There were other enduring contributions too, of this age and milieu, outside the courtly realm. A major influence in the early part of this period was Sufis, and their dispersal, throughout much of the subcontinent. By the 14th century the practice of Sama, devotional musical congregations, and Urs, annual pilgrimage to the shrines of Sufi saits, had become established Sufi traditions.

Sufi shrines drew both Muslims and Hindus, and were themselves influenced by local traditions, including the Shattari Sufis of Bengal drawing on Nath yogis, and Rishi Sufis of Kashmir who led celibate lives and practised vegetarianism.

Sufism also contributed to reform in Hindu tradition, starting in the 14th century with the rise of sants, who like Sufis, were mystics, believed in a formless god, and extolled devotion to god as a primary religious practice. Kabir, the most influential, attacked rituals and customs of traditional religions, and excoriated the caste system. Guru Nanak (born 1469), the founder of the Sikh tradition, also came from the same context.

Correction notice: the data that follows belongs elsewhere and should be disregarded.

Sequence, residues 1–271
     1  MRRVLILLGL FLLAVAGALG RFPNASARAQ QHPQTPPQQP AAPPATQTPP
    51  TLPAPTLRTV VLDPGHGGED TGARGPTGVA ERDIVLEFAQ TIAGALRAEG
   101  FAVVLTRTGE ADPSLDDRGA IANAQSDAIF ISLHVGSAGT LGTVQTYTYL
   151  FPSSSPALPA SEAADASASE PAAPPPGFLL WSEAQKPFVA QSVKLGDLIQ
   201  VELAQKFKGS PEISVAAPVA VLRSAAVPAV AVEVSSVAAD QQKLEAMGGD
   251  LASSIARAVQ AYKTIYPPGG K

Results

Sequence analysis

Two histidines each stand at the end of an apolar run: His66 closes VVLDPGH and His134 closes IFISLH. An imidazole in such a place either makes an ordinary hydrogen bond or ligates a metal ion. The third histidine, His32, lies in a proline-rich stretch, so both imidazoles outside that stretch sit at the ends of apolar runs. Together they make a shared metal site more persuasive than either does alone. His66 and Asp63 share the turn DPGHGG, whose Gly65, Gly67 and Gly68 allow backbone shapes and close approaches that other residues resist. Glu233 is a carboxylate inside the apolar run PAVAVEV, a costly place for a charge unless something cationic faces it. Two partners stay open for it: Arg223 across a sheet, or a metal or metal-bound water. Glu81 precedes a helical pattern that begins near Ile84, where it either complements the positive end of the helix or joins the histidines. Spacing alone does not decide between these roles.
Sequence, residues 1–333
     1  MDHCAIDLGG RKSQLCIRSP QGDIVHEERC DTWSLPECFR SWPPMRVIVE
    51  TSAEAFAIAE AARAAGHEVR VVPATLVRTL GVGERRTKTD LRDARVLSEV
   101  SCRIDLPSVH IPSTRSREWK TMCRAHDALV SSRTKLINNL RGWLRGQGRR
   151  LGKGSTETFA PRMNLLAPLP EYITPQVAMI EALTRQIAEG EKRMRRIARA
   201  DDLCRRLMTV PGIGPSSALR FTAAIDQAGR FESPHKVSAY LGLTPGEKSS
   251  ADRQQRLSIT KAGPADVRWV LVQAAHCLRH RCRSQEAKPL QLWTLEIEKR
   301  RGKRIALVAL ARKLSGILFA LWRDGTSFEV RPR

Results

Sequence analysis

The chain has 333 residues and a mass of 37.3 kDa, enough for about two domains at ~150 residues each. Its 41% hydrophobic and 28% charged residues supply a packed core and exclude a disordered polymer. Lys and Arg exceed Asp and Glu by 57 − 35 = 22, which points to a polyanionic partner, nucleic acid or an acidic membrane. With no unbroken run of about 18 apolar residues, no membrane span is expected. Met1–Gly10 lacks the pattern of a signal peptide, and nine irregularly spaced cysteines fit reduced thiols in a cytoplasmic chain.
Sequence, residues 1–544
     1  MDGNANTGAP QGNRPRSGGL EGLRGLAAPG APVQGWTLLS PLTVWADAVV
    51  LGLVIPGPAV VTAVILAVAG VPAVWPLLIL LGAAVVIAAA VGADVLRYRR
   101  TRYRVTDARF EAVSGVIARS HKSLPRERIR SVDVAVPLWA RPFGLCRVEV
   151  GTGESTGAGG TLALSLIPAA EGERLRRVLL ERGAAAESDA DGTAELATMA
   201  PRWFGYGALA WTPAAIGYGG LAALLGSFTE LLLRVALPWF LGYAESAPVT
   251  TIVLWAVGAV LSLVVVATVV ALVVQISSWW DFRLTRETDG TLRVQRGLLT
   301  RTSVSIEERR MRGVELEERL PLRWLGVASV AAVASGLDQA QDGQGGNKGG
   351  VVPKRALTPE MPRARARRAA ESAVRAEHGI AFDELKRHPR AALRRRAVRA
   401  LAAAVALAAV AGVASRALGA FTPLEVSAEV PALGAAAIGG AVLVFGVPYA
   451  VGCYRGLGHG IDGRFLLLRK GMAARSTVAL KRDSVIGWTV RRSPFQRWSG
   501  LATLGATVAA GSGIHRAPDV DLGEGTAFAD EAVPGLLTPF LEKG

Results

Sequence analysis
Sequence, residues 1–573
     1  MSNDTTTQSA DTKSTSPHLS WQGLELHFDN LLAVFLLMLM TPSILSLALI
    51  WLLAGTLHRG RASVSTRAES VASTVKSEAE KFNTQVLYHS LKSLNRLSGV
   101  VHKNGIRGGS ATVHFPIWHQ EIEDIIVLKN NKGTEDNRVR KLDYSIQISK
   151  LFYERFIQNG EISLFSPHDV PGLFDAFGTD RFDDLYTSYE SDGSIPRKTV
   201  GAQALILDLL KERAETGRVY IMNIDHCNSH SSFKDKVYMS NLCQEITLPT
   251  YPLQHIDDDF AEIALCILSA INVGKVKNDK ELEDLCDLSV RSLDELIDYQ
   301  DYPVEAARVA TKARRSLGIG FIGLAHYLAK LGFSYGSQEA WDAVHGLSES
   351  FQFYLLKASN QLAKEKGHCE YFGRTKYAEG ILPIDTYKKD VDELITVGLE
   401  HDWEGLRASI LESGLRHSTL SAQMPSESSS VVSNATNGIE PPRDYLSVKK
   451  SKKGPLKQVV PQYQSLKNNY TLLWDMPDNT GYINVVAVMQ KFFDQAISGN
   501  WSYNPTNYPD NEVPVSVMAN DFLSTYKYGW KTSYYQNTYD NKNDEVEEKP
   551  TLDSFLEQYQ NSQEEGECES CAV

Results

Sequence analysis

Notably, Sufism also influenced the Hindu Bhakti tradition, as the historian of Indian religions John S Hawley points out. This is evident in the commonalities the latter began to show in its focus on love for god, as did Sufis, the use of poetry and music in worship, and an ethics of compassion for others. Tulsidas’ Ramacharitmanas (1575), crafted in about the same time and the middle Gangetic Awadhi milieu of Sufi poets, Malik Mohammad Jayasi (Padmavat, 1540) and Mir Sayyid Manjhan (Madhumalati, 1545), exemplified this shift. Ram, an incarnation of Vishnu, became the preeminent object of devotion.

It is these constructions of a cosmopolitan Indian paradigm, resulting in innovations that spoke to both traditions that Hindu nationalists must disentangle and destroy to be able to achieve their vision of a Hindu supremacist India. This will undoubtedly leave much violence in its trail.

‘Authentic fantasies’ of suffering

These historical accounts of co-living and co-production contradict Hinduva claims that have much purchase today, in popular as well as scholarly circles about the thousand years of conflict between Muslim “outsiders” and “local” Hindus and of forced conversions and the wanton destruction of temples. Hindu nationalists have developed a wide repertoire of suffering and victimhood of Hindus at the hands of Muslims. Evidence to support their thesis is slim.